Using Bayesian Aldrich-McKelvey Scaling to Study Citizens’ Ideological Preferences and Perceptions
38 Pages Posted: 14 May 2019
Date Written: July 2, 2014
Aldrich-McKelvey scaling is a powerful method that corrects for differential item functioning (DIF) in estimating the positions of political stimuli (e.g., parties and candidates) and survey respondents along a latent policy dimension from issue scale data. DIF arises when respondents interpret issue scales (like the standard liberal-conservative scale) differently and distort their placements of the stimuli and themselves. We develop a Bayesian implementation of the classical maximum likelihood Aldrich-McKelvey scaling method that overcomes some important shortcomings in the classical procedure. We then apply this method to study citizens’ ideological preferences and perceptions using data from the 2004-2012 American National Election Studies and the 2010 Cooperative Congressional Election Study. Our findings indicate that DIF biases self-placements on the liberal-conservative scale in a way that understates the extent of polarization in the contemporary American electorate and that citizens have remarkably accurate perceptions of the ideological positions of Senators and Senate candidates.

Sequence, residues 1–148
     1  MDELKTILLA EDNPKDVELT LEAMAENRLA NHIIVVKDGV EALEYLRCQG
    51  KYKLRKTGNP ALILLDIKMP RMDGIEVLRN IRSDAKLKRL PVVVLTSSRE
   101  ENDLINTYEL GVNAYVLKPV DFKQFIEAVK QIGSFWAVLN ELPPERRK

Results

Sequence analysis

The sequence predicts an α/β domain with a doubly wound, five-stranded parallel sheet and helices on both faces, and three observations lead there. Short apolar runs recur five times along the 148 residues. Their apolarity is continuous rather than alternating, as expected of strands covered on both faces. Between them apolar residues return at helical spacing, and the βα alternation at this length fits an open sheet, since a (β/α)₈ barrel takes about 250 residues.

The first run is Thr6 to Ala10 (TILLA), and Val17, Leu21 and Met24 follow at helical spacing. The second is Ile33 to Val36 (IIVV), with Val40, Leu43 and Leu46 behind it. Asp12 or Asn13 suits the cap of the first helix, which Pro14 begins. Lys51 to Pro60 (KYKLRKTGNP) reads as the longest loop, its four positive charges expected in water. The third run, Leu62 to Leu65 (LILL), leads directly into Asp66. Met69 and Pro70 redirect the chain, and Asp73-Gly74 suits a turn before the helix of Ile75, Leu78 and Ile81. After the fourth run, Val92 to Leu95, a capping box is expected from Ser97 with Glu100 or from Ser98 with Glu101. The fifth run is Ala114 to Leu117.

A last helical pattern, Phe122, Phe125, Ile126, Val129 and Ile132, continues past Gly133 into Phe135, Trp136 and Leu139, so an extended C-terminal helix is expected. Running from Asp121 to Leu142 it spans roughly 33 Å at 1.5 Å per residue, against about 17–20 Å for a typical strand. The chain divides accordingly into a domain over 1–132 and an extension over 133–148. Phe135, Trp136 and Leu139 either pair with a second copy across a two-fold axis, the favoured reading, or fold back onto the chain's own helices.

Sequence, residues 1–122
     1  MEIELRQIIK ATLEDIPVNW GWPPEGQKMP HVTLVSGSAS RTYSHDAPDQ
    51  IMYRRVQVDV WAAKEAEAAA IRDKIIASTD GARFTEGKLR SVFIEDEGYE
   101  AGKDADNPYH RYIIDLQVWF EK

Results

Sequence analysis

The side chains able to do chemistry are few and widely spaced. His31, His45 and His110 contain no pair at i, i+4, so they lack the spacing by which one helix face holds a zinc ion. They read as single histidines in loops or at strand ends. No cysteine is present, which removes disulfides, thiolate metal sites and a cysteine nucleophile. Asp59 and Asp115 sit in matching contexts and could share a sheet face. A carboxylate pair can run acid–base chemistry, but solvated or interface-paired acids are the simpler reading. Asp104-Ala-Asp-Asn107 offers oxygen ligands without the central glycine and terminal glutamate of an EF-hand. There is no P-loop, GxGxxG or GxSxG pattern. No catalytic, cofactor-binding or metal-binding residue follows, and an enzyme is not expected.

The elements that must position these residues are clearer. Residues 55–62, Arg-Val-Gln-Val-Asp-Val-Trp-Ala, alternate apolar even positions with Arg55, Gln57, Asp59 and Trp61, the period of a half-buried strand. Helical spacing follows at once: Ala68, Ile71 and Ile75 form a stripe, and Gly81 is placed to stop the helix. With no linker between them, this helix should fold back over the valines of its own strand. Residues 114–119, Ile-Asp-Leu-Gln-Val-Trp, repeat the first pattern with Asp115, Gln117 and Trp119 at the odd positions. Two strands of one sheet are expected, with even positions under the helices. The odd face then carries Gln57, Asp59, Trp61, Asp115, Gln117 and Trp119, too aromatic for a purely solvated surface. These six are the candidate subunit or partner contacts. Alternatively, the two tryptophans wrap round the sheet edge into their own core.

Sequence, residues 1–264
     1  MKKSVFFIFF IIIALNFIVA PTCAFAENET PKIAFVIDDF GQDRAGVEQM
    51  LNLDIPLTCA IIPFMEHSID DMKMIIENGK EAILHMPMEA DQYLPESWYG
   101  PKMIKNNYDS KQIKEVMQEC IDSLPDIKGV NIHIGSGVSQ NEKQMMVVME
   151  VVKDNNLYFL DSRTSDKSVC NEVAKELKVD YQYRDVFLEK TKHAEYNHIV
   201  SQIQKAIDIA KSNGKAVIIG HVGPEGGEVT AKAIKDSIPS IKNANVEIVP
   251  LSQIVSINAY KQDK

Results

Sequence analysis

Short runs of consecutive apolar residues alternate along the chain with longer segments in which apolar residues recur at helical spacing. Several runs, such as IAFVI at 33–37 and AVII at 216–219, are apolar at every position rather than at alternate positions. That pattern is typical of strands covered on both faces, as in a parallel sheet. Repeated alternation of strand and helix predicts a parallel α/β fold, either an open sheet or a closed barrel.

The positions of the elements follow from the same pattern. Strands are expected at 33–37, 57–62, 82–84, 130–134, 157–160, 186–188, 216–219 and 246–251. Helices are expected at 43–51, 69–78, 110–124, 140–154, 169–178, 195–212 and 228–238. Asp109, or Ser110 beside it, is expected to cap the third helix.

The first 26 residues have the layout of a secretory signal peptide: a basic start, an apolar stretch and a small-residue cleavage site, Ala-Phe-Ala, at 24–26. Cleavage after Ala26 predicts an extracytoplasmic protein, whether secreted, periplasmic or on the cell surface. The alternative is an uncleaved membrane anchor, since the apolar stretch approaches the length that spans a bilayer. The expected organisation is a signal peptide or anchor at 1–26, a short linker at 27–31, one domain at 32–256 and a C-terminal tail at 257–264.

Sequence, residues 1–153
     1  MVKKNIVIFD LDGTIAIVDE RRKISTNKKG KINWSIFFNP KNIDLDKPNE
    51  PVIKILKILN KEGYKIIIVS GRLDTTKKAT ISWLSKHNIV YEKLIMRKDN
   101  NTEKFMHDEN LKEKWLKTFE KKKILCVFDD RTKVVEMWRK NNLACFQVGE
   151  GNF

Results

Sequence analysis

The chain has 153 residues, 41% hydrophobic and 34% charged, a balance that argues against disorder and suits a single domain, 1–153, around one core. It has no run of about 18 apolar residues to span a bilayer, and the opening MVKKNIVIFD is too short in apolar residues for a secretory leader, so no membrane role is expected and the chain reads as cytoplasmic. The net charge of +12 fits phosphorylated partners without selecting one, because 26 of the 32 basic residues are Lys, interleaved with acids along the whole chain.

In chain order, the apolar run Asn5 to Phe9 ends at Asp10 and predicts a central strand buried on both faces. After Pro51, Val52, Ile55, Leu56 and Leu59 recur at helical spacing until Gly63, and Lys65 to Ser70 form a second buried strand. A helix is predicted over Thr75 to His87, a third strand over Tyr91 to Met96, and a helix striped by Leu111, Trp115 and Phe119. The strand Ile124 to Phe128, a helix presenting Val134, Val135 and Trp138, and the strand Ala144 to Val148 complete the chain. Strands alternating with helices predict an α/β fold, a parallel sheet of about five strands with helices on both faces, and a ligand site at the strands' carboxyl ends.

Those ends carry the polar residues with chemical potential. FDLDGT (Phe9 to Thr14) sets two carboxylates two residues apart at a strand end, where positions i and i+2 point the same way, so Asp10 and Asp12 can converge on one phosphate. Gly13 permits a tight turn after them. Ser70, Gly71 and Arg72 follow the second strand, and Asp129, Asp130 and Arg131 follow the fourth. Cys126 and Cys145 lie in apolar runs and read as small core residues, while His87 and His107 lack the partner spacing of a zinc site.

Keywords: ideology, measurement, Bayesian methods, polarization, ideal point estimation
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